Integrated supplementary information

Supplementary Figure 1 Plasmid vector map.

(a), Guide RNA and target sequence pairs were lentivirally delivered using the Lenti_gRNA-puro vector. The region following the U6 promoter in the Lenti_gRNA-puro vector was deleted using BsmBI and PCR-amplified oligonucleotides containing the guide and target sequence pairs were cloned into the Lenti_gRNA-puro vector using Gibson assembly. Psi, packaging signal; RRE, rev response element; WPRE, posttranscriptional regulatory element of woodchuck hepatitis virus; cPPT, central polypurine tract; DR, direct repeat of Cpf1; GS, guide sequence of guide RNA; T, polyT; B, barcode; TS, target sequence; HS, homolgy sequence; EF1α, elogation factor 1a promoter; PuroR, puromycin resistance gene. (b, c) AsCpf1 (b) and LbCpf1 (c) were expressed with the EFS promoter. Psi, packaging signal; RRE, rev response element; WPRE, posttranscriptional regulatory element of woodchuck hepatitis virus; cPPT, central polypurine tract; EFS, elongation factor 1α short promoter; BlastR, blasticidin resistance gene.

Supplementary Figure 2 The relationship between chromatin accessibility and the correlation coefficient of indel frequencies at endogenous and integrated sequences.

Target sites were divided into smaller subsets based on chromatin accessibility and squared Pearson correlation coefficients between indel frequencies at endogenous target sites and the corresponding integrated target sites were calculated in each subset. The correlation was higher in regions of high chromatin accessibility.

Source data

Supplementary Figure 3 Variability of relative copy numbers of each pair in the library.

The relative copy numbers of each pair in the oligonucleotide pools, plasmid library, and cell library were calculated as described in the materials and methods from the deep sequencing data. (a) The relative copy numbers of each pair in the oligonucleotide pools, plasmid library, and cell library. (b) The pair copy numbers in the plasmid and cell libraries normalized to those of the oligonucleotide pool and plasmid library, respectively. (c) The relative copy numbers of each pair in the plasmid and cell library shown in the order of copy number in the oligonucleotide pool. For brevity, only 1% of regularly selected pairs are shown. (d) The relative copy number of each pair in the cell library shown in the order of copy number in the plasmid library. For brevity, only 1% of regularly selected pairs are shown. (e-g) The relationship between the pair copy numbers in the oligonucleotide pool and plasmid and cell libraries, evaluated by deep sequencing. Number of analyzed pairs (n) = 7,622.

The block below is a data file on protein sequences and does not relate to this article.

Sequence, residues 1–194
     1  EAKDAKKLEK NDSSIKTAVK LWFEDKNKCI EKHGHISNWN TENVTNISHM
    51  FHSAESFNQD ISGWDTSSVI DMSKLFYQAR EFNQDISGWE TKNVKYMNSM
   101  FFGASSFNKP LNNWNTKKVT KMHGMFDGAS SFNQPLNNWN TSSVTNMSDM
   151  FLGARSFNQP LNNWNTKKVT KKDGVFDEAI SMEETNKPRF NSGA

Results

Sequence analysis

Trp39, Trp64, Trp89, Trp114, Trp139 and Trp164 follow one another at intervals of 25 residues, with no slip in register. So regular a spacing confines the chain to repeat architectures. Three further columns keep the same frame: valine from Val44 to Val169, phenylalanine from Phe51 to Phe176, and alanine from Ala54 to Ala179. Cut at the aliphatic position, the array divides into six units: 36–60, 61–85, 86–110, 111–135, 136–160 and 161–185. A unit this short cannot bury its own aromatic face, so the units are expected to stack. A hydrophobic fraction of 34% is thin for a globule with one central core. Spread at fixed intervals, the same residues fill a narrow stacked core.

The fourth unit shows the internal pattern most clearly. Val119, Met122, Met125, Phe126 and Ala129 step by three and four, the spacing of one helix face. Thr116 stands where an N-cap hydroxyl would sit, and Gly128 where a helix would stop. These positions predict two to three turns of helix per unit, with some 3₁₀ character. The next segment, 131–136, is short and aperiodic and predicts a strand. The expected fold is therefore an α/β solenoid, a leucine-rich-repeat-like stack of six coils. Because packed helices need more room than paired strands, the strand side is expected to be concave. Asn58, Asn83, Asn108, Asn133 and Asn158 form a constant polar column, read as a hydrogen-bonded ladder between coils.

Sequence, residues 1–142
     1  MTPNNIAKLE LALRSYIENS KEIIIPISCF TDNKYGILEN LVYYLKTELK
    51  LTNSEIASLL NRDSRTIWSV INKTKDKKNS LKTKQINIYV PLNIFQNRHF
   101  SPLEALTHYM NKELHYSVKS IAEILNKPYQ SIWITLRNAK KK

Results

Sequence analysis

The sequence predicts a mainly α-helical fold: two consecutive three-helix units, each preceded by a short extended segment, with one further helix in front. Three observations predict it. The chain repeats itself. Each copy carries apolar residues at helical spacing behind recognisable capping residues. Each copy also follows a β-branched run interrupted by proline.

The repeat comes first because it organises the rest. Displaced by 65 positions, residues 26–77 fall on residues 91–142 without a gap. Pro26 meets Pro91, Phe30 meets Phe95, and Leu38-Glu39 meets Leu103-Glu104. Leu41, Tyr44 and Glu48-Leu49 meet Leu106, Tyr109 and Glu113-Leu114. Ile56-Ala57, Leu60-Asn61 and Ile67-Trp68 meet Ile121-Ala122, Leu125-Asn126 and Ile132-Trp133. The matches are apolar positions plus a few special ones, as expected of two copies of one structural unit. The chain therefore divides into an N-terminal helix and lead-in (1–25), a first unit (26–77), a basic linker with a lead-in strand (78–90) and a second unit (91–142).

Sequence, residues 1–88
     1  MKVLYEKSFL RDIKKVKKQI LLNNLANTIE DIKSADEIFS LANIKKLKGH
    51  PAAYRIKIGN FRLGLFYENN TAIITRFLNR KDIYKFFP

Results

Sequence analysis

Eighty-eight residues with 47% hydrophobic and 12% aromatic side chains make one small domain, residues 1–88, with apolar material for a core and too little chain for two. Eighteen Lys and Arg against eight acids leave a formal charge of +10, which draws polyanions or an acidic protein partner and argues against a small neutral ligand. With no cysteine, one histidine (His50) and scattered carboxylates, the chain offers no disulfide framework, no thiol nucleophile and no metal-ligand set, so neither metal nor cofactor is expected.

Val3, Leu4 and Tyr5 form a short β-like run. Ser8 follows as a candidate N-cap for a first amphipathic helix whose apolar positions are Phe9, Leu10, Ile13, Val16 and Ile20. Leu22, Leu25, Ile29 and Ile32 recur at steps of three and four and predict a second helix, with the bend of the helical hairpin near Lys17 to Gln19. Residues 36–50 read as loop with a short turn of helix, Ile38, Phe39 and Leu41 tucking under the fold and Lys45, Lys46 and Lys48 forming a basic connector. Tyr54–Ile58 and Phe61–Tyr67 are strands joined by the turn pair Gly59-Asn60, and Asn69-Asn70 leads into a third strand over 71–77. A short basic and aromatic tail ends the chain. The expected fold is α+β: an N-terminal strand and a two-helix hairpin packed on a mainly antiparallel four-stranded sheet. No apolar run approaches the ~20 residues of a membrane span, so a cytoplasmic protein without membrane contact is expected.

Source data

Supplementary Figure 4 Correlation between indel frequencies in experimental replicates.

Two different cell libraries (library A and library B) were generated from independent lentivirus production and transduction. These two libraries were transfected with plasmids encoding AsCpf1. Four days later, indel frequencies were analyzed in the cell libraries. Number of analyzed pairs (n) = 233.

Source data

Supplementary Figure 5 Correlation between indel frequencies after two different methods of AsCpf1 delivery.

A cell library was either transfected with AsCpf1-encoding plasmid or transduced with AsCpf1-encoding lentiviral vector. Indel frequencies in the cell libraries were analyzed four days after AsCpf1 plasmid transfection or five days after AsCpf1 lentivirus transduction. Number of analyzed pairs (n) = 156.

Source data

Supplementary Figure 6 Effects of multiplicity of infection (MOI) in the cell library on the AsCpf1-induced indel frequencies.

Three different cell libraries with different MOIs (0.4, 2, and 10) were generated by modifying the transducing amount of guide RNA-expressing lentivirus and AsCpf1 was lentivirally delivered into these cell libraries. Indel frequencies were measured 5 days after AsCpf1 delivery. Number of analyzed pairs (n) = 273 per group. (a) AsCpf1-induced indel frequencies in the cell libraries with different MOIs. Error bars represent s.e.m. **P < 0.01, ***P < 0.001, ANOVA followed by Tukey’s post hoc test. (b-d) Correlation between indel frequencies in cell libraries with different MOIs.

Source data

Supplementary Figure 7 Comparison of four different TTTN sequences as potential PAMs.

Indel frequencies for four different TTTN sequences tested as potential PAMs for AsCpf1 (a) and LbCpf1 (b). Error bars represent s.e.m. *P < 0.05, **P < 0.01, ***P < 0.001, ANOVA followed by Tukey’s post hoc test. Number of tested guide sequences (n) = 11, 13, 12, 12 for AsCpf1 and 14, 13, 15, 10 for LbCpf1.

Source data

Supplementary Figure 8 Comparison of indel frequency rankings between AsCpf1 and SpCas9 using the same and reverse target sequences.